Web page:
It is so common to hear, “There ought to be a law.” In fact, the knee jerk response of legislators and citizens alike is almost always to invoke the government to fix things. Since we are too often too busy with our lives otherwise, it is easy to accept government solutions. But if we allow ourselves to be lulled into perpetual indifference, we will find that solutions we don’t like will be forced upon us and our Liberties lost. Many think that we are already there.
Strict adherence to the Constitution of the United States in its original form would limit the national government from infringing on our rights. Yet we have seen many decades of overreaching by Congress and the inaction of states to defend its citizens. There is a new awakening to the proper balance, but it comes after so much expansion of national law that we are now on our heels and reeling.
The fight over individual rights, and the power of states to protect them, began before the ink was dry on the hemp of the Constitution. But the modern era of bloated regulations and taxation began around 100 years ago during the worldwide expansion of socialism. We now have many generations that have grown up inured to the loss of rights and habituated to government solutions. So the first response to each lost liberty is to look for another law to protect us. Now we find that the balance of power is upside down and the leviathan national government disregards its limits with regularity.
Many people want to pass laws to re-establish state sovereignty. Many laws recommended by the Tenth Amendment Center would help to recover the proper balance of power. The advantage is to bring the weight of state government to bear in enforcement of our rights. But is another state law necessary?
There are two reasons why such a law might be counterproductive. And we have an example in the recent failure of one such law to pass. In California, advocates for Liberty tried to get the legalization of marijuana codified into law. That effort failed at the ballot box and the failure points out the inherent problem of a democratic society. Allowing popular will to trump the rule of constitutional law actually entrenches infringements of personal liberty.
There is no constitutional basis for prohibition of marijuana. If fact, such law is counter to every concept of liberty that anyone can imagine. No one can claim to protect freedom through prohibition. By attempting and failing to “legalize” marijuana, advocates have emboldened those who want to trample on the Constitution and everything it stands for.
I have heard similar sentiments for other positive law initiatives. What if they fail? Doesn’t that make it harder re-establish a lost liberty? In fact, it does. When the state aligns itself with the national government to restrict freedom, the endorsed infringement becomes a tyranny.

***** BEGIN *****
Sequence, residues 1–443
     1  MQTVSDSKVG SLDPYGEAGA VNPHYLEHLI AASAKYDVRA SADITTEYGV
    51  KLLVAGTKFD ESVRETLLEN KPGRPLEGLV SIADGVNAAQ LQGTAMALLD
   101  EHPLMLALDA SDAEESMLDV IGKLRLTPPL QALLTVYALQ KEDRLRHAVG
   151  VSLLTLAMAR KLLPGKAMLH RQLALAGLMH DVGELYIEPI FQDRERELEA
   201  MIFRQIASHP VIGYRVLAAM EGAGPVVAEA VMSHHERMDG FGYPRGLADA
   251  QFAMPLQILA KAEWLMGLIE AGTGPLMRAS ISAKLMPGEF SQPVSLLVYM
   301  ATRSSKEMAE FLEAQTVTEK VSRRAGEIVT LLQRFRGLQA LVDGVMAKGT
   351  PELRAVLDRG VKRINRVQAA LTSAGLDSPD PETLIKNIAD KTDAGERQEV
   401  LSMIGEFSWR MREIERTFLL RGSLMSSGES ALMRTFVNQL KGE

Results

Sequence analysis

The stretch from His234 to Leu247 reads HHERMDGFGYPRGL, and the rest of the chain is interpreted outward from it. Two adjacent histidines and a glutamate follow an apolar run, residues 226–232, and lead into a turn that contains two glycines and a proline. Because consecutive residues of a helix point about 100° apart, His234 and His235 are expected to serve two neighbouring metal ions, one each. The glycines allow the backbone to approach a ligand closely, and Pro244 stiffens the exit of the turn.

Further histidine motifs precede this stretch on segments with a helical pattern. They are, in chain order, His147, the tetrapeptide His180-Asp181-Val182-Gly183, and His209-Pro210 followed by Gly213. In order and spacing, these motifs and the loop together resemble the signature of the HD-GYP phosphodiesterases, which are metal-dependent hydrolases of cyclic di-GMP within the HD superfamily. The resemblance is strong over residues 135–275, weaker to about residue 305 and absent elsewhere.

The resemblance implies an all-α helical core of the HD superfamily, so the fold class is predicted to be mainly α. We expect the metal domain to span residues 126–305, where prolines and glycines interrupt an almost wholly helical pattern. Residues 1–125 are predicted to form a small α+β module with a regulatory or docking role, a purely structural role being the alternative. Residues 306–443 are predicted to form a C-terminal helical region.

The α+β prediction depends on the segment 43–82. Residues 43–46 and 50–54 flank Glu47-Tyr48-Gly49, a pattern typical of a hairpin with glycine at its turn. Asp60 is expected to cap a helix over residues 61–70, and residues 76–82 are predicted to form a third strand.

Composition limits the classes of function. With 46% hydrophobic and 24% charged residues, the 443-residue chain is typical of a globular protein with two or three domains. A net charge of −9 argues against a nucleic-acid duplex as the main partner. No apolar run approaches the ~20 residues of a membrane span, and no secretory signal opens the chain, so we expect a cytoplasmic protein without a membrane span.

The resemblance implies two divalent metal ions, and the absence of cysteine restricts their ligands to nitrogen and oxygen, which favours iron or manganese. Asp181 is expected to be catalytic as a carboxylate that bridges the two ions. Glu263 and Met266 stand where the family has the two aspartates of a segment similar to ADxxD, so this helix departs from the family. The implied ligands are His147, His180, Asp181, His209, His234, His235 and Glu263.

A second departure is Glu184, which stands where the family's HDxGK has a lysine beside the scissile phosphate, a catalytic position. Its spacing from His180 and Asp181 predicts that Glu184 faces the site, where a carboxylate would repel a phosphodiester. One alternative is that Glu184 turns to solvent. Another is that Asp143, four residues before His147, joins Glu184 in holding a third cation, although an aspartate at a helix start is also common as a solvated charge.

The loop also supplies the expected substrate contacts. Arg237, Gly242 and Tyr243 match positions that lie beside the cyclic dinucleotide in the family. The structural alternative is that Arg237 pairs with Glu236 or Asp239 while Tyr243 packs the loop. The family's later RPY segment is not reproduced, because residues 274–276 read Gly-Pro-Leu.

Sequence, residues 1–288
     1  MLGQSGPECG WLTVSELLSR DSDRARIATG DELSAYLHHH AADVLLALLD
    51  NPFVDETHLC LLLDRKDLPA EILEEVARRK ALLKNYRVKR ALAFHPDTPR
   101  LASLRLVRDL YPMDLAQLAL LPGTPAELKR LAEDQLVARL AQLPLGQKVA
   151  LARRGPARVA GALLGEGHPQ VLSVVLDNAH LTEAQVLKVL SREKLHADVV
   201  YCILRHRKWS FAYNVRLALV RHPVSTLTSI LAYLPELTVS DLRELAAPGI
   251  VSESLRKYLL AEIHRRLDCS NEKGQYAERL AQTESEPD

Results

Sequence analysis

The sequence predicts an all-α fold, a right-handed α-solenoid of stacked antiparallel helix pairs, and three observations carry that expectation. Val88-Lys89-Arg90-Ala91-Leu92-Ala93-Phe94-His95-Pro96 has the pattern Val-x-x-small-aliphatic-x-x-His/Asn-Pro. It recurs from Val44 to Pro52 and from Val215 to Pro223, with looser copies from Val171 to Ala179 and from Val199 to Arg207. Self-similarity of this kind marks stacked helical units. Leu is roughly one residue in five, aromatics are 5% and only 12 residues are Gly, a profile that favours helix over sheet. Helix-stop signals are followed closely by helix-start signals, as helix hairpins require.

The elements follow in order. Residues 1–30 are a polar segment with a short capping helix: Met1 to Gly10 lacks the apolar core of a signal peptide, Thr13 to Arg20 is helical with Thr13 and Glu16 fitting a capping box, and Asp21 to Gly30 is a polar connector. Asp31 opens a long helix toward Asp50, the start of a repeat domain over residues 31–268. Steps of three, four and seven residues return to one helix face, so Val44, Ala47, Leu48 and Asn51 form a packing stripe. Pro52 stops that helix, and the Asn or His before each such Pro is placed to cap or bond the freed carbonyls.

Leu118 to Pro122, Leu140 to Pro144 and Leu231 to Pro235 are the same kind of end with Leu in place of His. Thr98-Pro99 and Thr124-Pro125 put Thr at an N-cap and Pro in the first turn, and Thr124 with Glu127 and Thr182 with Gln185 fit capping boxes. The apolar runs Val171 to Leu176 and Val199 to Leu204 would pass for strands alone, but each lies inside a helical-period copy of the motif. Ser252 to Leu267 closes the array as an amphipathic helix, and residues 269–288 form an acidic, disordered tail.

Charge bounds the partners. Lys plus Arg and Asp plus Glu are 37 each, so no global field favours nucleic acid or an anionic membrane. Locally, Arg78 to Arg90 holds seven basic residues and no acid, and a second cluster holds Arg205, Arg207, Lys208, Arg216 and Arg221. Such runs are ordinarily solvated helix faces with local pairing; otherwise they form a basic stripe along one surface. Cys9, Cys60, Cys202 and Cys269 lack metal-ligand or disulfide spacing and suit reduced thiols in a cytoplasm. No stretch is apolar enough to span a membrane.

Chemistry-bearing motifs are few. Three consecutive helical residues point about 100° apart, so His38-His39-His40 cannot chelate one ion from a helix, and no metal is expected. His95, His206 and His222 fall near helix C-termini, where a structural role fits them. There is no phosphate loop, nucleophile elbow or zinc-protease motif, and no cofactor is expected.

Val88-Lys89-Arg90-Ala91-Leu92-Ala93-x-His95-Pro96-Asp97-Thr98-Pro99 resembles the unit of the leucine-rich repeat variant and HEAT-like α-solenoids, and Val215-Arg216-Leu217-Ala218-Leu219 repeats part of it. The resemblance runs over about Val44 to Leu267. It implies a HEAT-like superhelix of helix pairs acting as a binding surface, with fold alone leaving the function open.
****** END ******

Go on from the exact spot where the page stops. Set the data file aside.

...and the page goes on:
This brings us to the other downside of passing a state law to protect freedoms. We already possess freedom and only lose it voluntarily. Whether it be smoking pot in California, or protecting gun ownership in Montana, or nullifying national ID in Illinois, the ultimate responsibility for protecting freedom rests with each of us. If we are afraid or too lazy to fight for our rights, they will be taken from us. And relying on another law to do the job for us is just another excuse for inaction.
Samuel Adams wrote “If men through fear, fraud or mistake, should in terms renounce and give up any essential natural right, the eternal law of reason and the great end of society, would absolutely vacate such renunciation; the right to freedom being the gift of God Almighty, it is not in the power of Man to alienate this gift, and voluntarily become a slave.”
Make no mistake about it. It is fear that keeps us in line. But succumbing to fear keeps us isolated where unity would keep us safe. The DEA can bust one or two in a car or home, but it cannot fight a community or a state. The BATF can vilify a small group and arrest them or even kill them. But a population of hundreds, thousands or more can stop the tanks and SWAT teams.
Here in Illinois we know that our state legislators and governors have little interest in standing up to the national government. The game in Springfield is to work with Washington to funnel money back to the state. They have been bought and sold in this decades old game that continues to work against the people. And they continue to buy compliance in the populace with earmarks and handouts. We need our state government to become our ally once again.
To fight this abuse, we need numbers of people to demonstrate together their resolve. We need to convince our representatives in the General Assembly that our rights are more important than campaign contributions and re-elections. If we don’t get help from our state government, we must band together for mutual protection in the same manner as our founding fathers.
George Sutherland wrote, “The saddest epitaph that can be inscribed for a lost liberty is that its owners failed to stretch out a hand to save it while there was yet still time.” Let us not bear that regret. There is still time.
- There ought to be a law - February 15, 2011
- States Powers and Individual Rights: Deriving Governmental Powers - December 7, 2010